Psalm 2 and World Evangelization

I’d like us to consider Psalm 2 from three perspectives. First, we’ll examine the message of the psalm. Second, we’ll look at how the New Testament uses it. Finally, we’ll ask how this psalm speaks to the task of world evangelization.

The Message of Psalm 2

Psalm 2 begins with a question: “Why do the nations rage and the peoples plot in vain?” (verse 1). Verses 2–3 specify this futility: the kings of the earth reject Messiah’s right to rule. In response, God gives the nations the cosmic raspberry and ridicules their pride, claiming that he has set his king on Zion (verses 5–6). In verses 7–9, the psalmist recalls this coronation, noting especially God’s promise to make the nations his heritage. Armed with this confidence, he rebukes the rulers of the earth, telling them to serve Yahweh by bowing the knee to God’s anointed king (verses 10–12).

So if we were to summarize the message of Psalm 2, we could say that because God has enthroned his king, the nations of the earth should repent of their rebellion and take refuge in the Messiah.

The New Testament Use of Psalm 2

When we come to the New Testament, we find Jesus, the Son of David, encountering the very resistance that Psalm 2 describes (cf. Acts 4:24–28). This resistance culminates in his crucifixion, but — in true Psalm 2 fashion — God vindicates his authority by raising him from the dead and seating him at his right hand.

Paul preaches in Acts 13:32–33, “And we bring you the good news that what God promised to the fathers, this he has fulfilled to us their children by raising Jesus, as also it is written in the second Psalm, ‘You are my Son, today I have begotten you.’” Because of this vindication, Jesus has become the rightful heir of the nations (Matthew 28:18–20).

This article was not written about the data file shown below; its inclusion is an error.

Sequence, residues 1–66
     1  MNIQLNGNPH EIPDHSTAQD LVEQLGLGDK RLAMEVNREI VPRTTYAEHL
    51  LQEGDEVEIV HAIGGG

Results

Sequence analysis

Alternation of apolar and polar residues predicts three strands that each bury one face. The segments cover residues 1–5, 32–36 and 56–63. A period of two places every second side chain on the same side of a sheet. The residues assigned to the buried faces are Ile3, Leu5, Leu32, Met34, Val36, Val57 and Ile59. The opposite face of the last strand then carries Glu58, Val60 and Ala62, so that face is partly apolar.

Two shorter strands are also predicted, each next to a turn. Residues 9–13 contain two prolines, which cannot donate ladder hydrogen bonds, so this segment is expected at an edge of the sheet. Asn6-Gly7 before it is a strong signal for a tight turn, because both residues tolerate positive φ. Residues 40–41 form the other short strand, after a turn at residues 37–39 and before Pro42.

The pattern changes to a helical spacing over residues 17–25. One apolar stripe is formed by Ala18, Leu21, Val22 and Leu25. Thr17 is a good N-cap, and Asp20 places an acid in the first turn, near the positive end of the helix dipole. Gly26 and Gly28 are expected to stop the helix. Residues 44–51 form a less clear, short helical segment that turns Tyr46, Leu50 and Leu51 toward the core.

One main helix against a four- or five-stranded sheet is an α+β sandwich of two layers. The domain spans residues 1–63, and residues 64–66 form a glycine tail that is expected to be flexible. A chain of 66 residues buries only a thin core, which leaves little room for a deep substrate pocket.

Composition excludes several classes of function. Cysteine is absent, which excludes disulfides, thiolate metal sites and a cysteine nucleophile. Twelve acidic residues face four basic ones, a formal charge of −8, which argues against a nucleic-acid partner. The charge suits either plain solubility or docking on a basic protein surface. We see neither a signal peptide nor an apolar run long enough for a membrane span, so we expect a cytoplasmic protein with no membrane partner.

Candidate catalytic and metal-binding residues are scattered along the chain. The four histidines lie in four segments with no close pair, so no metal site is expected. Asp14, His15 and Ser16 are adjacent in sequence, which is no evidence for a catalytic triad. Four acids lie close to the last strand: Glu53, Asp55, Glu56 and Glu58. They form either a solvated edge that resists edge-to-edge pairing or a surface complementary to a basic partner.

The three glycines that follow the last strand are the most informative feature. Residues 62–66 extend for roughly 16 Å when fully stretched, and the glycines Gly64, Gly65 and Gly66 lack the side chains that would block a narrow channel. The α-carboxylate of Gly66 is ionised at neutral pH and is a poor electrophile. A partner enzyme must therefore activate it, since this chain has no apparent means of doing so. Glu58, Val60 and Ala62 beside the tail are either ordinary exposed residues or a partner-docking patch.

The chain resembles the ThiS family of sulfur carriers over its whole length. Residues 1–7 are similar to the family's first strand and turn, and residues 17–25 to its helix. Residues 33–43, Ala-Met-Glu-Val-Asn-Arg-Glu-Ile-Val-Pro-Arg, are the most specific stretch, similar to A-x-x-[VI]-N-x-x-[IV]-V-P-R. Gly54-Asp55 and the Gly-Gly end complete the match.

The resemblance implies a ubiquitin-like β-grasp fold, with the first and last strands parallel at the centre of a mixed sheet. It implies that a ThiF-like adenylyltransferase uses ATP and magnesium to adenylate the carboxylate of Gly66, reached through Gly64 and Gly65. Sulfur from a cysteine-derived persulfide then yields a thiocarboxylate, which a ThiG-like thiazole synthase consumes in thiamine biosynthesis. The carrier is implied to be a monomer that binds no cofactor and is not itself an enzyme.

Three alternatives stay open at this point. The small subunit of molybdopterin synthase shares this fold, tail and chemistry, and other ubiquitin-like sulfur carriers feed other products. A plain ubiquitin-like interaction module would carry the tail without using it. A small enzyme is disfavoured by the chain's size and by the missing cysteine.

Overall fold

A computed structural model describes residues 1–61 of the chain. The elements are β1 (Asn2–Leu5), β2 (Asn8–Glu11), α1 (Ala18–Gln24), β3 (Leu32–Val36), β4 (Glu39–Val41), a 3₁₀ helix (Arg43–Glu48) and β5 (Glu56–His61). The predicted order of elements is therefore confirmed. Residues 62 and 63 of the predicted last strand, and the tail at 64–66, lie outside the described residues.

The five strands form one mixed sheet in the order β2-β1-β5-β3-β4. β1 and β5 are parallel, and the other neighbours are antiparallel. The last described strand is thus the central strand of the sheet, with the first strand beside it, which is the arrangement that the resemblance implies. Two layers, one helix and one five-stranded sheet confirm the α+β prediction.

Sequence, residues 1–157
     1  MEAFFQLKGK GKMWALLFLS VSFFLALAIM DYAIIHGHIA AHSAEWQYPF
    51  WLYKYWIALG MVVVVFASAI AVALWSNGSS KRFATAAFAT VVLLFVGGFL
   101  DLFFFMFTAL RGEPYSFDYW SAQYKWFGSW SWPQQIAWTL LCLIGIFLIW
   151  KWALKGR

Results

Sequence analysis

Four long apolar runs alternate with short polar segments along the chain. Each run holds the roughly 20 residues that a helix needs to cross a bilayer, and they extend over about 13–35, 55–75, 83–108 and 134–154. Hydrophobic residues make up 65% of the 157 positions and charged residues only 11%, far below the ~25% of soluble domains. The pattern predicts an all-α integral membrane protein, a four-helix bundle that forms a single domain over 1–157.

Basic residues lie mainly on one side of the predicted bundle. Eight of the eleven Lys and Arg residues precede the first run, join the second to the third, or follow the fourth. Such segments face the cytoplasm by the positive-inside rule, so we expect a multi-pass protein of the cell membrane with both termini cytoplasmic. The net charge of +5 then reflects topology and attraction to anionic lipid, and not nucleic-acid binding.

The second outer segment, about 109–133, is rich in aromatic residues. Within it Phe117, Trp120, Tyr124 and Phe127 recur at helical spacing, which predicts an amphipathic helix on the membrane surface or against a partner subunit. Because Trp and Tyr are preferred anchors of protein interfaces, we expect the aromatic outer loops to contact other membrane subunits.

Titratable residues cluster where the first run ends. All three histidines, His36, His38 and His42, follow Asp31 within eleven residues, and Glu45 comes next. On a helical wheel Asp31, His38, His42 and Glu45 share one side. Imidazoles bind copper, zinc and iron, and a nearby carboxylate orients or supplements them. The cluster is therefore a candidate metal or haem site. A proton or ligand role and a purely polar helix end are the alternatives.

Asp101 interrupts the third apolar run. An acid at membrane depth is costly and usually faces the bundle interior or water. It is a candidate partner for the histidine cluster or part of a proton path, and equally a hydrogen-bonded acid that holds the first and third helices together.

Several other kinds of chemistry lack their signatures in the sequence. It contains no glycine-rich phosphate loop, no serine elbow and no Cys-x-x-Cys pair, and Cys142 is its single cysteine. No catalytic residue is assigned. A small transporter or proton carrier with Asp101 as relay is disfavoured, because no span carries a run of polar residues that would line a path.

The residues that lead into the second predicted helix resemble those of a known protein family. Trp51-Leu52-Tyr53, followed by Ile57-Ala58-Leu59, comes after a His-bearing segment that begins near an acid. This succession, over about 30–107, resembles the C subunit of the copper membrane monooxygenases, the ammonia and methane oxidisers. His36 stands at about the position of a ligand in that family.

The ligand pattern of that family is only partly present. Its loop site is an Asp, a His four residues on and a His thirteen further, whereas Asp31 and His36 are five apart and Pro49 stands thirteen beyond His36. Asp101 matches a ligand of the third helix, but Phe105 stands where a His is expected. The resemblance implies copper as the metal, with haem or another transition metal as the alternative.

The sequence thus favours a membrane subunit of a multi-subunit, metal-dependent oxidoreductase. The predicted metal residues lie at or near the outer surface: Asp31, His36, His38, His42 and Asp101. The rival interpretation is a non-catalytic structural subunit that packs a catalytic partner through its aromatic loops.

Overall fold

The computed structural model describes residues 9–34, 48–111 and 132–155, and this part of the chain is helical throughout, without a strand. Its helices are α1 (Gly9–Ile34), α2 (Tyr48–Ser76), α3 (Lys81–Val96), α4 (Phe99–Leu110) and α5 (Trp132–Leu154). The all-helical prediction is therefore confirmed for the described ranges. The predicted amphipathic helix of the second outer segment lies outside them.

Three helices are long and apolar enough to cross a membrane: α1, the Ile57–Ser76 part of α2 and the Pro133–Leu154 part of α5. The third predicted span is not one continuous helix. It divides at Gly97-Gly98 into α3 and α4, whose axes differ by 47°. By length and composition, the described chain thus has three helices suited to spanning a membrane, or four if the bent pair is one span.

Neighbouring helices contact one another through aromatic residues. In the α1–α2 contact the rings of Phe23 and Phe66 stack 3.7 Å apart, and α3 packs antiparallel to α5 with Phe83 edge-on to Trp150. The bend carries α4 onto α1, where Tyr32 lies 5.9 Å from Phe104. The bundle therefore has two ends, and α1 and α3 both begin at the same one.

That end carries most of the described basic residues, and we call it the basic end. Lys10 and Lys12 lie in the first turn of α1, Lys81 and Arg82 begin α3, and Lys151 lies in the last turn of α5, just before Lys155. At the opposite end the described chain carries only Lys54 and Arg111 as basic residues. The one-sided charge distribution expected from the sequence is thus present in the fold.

Psalm 2 and World Evangelization

So where does this leave us? How do we live in light of Jesus’ enthronement? To begin, Ephesians 2:6 teaches that we have been seated with Christ in the heavenly places. This is royal imagery. Believers share in Jesus’ kingly dominion over the peoples of the earth. For this reason, we should address the nations boldly in his name. By this I don’t mean that we should become piggish, throwing all tact to the wind and chewing with our evangelistic mouths open. There is a place for the gentle word, for the open ear, for the patient sowing. But let us not be timid.

The kingdom of this world will become the kingdom of our Lord and of his Christ, and he shall reign forever and ever (Revelation 11:15). Therefore, we should speak and act toward that end. This will look differently for each of us, but may God fill us with confidence in the everlasting dominion of his Messiah, so that we turn from fear and call the nations to take refuge in Christ.